I'm already beginning to approach perhaps the biggest single hurdle in my latest home video project. A brief summary:
I acquired and made use of a 4.0-channel portable audio recorder called the Zoom H2, which seems to have performed nicely. There are ways of converting the 4.0 into a proper 5.1. Meanwhile, the actual camera recording the footage was sitting in the back (it was a family fireworks show), and sound-wise it mostly got the spectators' reactions. It was always my plan to convert the H2's 4.0 into the center, front-left, front-right, middle-left, middle-right and LFE, and then use the camcorder's audio for the rear-left and rear-right. And fortunately the video will be watched on a home theater with a 7.1-channel setup and a PS3 doing movie duty. The final movie format will almost certainly be a Bluray disc (BDMV), like my last video project.
Now then. I really am not expecting Premiere Pro to be able to help me with this. I'll do most of the editing there but the final creation of the 7.1-channel audio track seems destined to involve the use of one or more additional apps. My guess is I will need to come up with the 8 audio channels with the help of Audition, and then throw those 8 channels at some app which is able to convert them into a format that can be accepted by one of the Bluray authoring apps, or else forced into acceptance with some sort of trickery.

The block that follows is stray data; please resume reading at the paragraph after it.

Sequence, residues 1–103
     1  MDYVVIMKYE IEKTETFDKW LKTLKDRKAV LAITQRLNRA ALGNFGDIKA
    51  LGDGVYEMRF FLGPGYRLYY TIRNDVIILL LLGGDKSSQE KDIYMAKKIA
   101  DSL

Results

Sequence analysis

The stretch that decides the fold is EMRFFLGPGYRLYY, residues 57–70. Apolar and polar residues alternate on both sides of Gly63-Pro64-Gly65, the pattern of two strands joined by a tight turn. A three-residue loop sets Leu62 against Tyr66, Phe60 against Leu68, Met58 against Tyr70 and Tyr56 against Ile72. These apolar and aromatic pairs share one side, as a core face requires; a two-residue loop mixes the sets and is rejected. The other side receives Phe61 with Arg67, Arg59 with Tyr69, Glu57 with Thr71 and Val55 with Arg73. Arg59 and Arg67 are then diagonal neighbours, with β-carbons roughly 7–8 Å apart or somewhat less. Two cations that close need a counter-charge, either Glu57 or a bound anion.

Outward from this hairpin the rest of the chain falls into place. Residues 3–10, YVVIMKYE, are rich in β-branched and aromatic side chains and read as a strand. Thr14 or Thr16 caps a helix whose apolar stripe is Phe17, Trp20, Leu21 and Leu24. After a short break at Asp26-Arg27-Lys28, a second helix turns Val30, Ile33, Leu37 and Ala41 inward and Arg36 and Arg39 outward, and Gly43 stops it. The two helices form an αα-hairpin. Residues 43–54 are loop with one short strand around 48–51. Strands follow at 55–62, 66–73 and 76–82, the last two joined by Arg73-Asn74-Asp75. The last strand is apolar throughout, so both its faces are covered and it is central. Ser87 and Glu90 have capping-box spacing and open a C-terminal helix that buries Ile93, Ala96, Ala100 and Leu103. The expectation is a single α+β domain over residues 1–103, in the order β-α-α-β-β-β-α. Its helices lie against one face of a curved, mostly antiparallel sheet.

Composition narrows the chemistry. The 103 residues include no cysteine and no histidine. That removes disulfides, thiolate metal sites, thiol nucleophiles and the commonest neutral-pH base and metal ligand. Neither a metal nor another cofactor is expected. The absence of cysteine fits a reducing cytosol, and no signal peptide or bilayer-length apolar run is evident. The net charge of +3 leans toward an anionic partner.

TrueHD / DTS-Master may be out of the question. I don't yet know for sure. But if that is the case, then does the Bluray format allow for 7.1-channel PCM? I'm not looking for anything fancy; it just has to work. And since this evidently isn't a popular topic (yet), maybe the info will be of immediate help to anyone else who was thinking of upgrading their presentation options.
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First, you don't have 8 tracks, you have max four from the H2 and a redundant stereo set from the camcorder. There are very few 7.1 Blu-Ray discs. In most cases 7.1 is synthesized from 5.1 in the receiver.
Your project seems to me like 5.1, Four from the H2 plus a center narration and derived LFE. The camcorder stereo adds nothing except for sync of H2 tracks to video.
Sound Forge can encode AC3 7.1. Perhaps it will be as simple as taking AC3 from that app and feeding it to Encore.
Update: According to "What is Blu-Ray" https://www.videohelp.com/hd, you can have 9 PCM tracks, also 9 DTS. But you will probably be encoding DD 7.1.
Your 7.1 mix is your own creative decision.